Reporting: Science Fiction and Fantasy Writers of America Swish and Swill (Part Two)
(CONTINUED FROM PART ONE)
Outside the kidlit purview, I met the delightful Keith DeCandido, son of GraceAnne DeCandido and heir to the DeCandido throne. Or something along those lines. Keith’s sort of the go-to guy in terms of Star Trek novels and Buffy ones as well. I met (hastily checks the cards now swimming merrily in the bottom of her purse) Mr. Marvin Kaye who wrote a sequel to A Christmas Carol called The Last Christmas of Ebenezer Scrooge (performed every year). Had I but known that he was so involved in Nero Wolfe stuff, I’d have grilled him on the subject. I met Tom Doherty, President of . . . oh my . . . Tom Doherty Associates, LLC. We appear to have the same birthday. Mr. Doherty got me a nice white wine at the bar which was very gentlemanly of him. There were others too, but they either weren’t wearing nametags, were wearing them and managing to cover them up with a spectacular series of eclectic hand movements, or were wearing them and my potato chip-primed brain couldn’t take the letters in. Holly Black says that for every new name you learn, an old one gets booted out the brain’s back door. If true, maybe it’s safest if I just don’t meet anyone else from here on in.
On the children’s literary side of things we went from Ms. Yolen to our own Sarah Beth Durst, remarkable hair and all. I assured Sarah that in spite of the fact that we kept showing up at the same functions, I wasn’t actually stalking her. We talked about how her book sales went up a little with the release of the movie Into the Wild (a very different critter from her debut novel of the same name). "Did they not notice the purple cover and the walking cat?," she pondered. Tis a puzzlement. Sharyn November (Viking editor) and Michael Stearns (Harper Collins editor) were also slated to come but did not make it, which was too bad.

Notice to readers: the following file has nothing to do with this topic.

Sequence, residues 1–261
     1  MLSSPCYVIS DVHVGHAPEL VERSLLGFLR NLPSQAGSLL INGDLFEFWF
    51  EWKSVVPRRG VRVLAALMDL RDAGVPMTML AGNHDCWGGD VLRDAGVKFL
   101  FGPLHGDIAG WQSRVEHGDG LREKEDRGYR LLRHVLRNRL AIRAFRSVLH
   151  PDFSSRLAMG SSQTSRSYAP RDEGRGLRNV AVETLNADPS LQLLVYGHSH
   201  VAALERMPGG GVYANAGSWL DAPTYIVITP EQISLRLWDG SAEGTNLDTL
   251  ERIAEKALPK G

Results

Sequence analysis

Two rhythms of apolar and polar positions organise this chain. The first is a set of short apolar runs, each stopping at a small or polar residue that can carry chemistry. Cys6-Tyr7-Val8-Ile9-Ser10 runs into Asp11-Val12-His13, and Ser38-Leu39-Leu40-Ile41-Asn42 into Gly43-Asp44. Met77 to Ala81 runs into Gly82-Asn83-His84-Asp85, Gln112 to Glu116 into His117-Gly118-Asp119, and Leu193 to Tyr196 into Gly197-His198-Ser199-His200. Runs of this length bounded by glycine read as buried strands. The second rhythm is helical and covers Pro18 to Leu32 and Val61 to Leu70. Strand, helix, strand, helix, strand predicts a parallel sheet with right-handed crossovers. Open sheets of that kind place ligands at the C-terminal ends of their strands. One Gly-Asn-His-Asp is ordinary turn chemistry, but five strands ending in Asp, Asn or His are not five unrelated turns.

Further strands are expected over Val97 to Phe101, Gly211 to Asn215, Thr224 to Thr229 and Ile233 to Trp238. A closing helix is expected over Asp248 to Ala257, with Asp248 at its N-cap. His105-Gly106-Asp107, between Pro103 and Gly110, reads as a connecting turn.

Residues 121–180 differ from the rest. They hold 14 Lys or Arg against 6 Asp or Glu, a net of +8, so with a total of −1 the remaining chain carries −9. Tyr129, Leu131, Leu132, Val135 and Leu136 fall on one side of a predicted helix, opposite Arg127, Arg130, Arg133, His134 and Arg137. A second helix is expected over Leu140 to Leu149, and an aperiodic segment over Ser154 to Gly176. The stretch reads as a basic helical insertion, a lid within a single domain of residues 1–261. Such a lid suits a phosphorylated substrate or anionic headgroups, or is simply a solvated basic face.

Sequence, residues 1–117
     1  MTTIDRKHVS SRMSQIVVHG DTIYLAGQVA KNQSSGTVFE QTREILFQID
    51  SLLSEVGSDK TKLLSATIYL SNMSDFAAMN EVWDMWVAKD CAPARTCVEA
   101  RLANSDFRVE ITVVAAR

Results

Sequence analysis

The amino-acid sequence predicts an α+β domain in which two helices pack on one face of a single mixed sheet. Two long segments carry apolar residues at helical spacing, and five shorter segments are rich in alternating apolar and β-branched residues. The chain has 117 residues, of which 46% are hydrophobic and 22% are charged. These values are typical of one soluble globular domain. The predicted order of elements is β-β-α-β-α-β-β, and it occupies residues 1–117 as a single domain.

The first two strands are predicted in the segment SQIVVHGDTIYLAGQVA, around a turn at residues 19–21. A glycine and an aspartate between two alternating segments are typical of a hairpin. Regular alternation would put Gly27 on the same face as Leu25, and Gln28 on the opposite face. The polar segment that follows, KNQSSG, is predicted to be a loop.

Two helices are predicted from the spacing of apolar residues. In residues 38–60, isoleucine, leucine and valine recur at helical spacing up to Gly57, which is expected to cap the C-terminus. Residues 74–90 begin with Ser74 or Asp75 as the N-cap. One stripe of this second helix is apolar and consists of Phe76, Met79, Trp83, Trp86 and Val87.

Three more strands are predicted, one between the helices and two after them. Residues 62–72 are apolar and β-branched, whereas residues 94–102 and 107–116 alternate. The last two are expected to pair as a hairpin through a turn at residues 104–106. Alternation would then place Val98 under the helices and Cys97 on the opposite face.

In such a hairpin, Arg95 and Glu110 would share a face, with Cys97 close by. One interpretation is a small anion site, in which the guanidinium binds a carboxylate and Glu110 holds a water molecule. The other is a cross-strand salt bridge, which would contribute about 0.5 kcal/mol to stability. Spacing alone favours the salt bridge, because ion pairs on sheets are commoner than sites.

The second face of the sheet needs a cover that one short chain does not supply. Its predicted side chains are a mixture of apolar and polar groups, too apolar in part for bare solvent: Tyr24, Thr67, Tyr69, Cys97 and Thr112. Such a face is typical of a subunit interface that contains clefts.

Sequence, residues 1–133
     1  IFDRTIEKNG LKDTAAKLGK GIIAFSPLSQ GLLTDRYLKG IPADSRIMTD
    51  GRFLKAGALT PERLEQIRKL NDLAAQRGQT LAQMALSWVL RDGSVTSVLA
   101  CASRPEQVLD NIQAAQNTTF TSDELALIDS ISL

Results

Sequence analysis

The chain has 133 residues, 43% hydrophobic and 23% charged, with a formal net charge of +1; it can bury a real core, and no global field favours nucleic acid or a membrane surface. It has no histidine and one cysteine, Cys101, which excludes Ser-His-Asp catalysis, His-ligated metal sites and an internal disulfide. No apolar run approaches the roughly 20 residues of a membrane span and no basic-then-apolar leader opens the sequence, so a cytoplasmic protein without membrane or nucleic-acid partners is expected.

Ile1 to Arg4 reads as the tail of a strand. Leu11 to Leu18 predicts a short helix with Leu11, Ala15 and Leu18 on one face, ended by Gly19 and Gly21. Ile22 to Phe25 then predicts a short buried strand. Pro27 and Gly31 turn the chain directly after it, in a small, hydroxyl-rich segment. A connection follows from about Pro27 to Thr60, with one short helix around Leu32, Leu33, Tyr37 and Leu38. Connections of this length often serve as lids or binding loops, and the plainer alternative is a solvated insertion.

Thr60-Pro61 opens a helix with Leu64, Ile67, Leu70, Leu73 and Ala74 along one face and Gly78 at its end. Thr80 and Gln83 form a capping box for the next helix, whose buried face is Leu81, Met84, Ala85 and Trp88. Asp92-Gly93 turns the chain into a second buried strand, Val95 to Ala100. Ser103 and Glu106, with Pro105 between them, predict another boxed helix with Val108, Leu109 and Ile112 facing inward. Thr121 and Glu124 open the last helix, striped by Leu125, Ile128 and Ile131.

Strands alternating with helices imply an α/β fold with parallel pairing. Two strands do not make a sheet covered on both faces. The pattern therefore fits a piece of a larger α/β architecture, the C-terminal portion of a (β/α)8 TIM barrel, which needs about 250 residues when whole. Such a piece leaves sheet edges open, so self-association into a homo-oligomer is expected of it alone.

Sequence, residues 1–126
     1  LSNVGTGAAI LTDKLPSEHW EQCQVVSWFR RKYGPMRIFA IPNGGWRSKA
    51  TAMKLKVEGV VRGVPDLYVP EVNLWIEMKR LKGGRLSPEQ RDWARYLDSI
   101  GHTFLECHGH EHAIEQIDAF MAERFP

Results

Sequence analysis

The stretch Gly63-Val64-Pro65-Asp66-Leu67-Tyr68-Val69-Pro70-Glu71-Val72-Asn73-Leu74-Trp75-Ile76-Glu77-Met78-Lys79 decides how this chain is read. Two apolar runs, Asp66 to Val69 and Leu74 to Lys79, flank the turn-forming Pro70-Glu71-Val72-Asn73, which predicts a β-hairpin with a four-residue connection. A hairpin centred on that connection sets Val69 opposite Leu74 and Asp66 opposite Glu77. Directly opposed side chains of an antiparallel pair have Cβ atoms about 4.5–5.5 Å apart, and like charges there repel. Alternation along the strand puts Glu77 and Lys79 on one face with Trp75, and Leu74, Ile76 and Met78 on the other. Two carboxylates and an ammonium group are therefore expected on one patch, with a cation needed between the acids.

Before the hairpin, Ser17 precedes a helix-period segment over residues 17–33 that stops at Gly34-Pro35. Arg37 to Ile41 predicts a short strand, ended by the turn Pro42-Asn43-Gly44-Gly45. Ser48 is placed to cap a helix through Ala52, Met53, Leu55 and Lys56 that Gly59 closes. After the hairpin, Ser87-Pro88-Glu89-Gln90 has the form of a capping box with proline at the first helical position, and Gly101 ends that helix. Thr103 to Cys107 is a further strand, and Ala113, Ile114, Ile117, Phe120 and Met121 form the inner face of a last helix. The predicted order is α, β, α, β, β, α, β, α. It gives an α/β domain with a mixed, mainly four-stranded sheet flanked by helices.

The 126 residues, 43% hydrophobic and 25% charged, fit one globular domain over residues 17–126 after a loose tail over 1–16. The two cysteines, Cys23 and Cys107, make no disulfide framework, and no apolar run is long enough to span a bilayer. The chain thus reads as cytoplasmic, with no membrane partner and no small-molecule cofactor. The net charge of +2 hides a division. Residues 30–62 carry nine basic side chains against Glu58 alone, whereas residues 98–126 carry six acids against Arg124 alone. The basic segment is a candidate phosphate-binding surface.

I learned many interesting things during the course of the evening. How often, and in what conditions, Neil Gaiman has been known to wear his black leather jacket, for example. Speeches were eventually made and I found that the acoustics on the third floor of the Society of Illustrators is 500% better than the acoustics in the actual gallery. Either that or I was able to hear with clarity because I was a mere five feet from the presenters. Hm.
Food = potato chips, which was just fine n’ dandy with me! You could place me on a desert island with a life’s supply of Ruffles and an equal smattering of white wine and not get so much as a peep of complaint.
Speaking of which, in the end they sent me home with a bottle of Mount Horrocks 2006 Cordon Cut, which appears to be from "The Australian Premium Wine Collection", twist-off cap and all. They also gave me a pretty cool Society of Illustrators t-shirt that has an image by an Anita Kunz. She has recently written a book by the name of The Anthropomorphic ABC. Not really a children’s book, but well worth a gander I should think.
In conclusion, I learned many important things. Things like:
It’s called science fiction and NOT "sci fi".
Australians are very hot right now. They were handing out little booklets of the New Australian Fantasy and SF titles due out between October 2007 – December 2008.
SFWA folks are sweet, welcoming, and quite a lively crew. I will ponder whether or not to join them.
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About Betsy Bird
Betsy Bird is currently the Collection Development Manager of the Evanston Public Library system and a former Materials Specialist for New York Public Library. She has served on Newbery, written for Horn Book, and has done other lovely little things that she'd love to tell you about but that she's sure you'd find more interesting to hear of in person. Her opinions are her own and do not reflect those of EPL, SLJ, or any of the other acronyms you might be able to name. Follow her on Twitter: @fuseeight.
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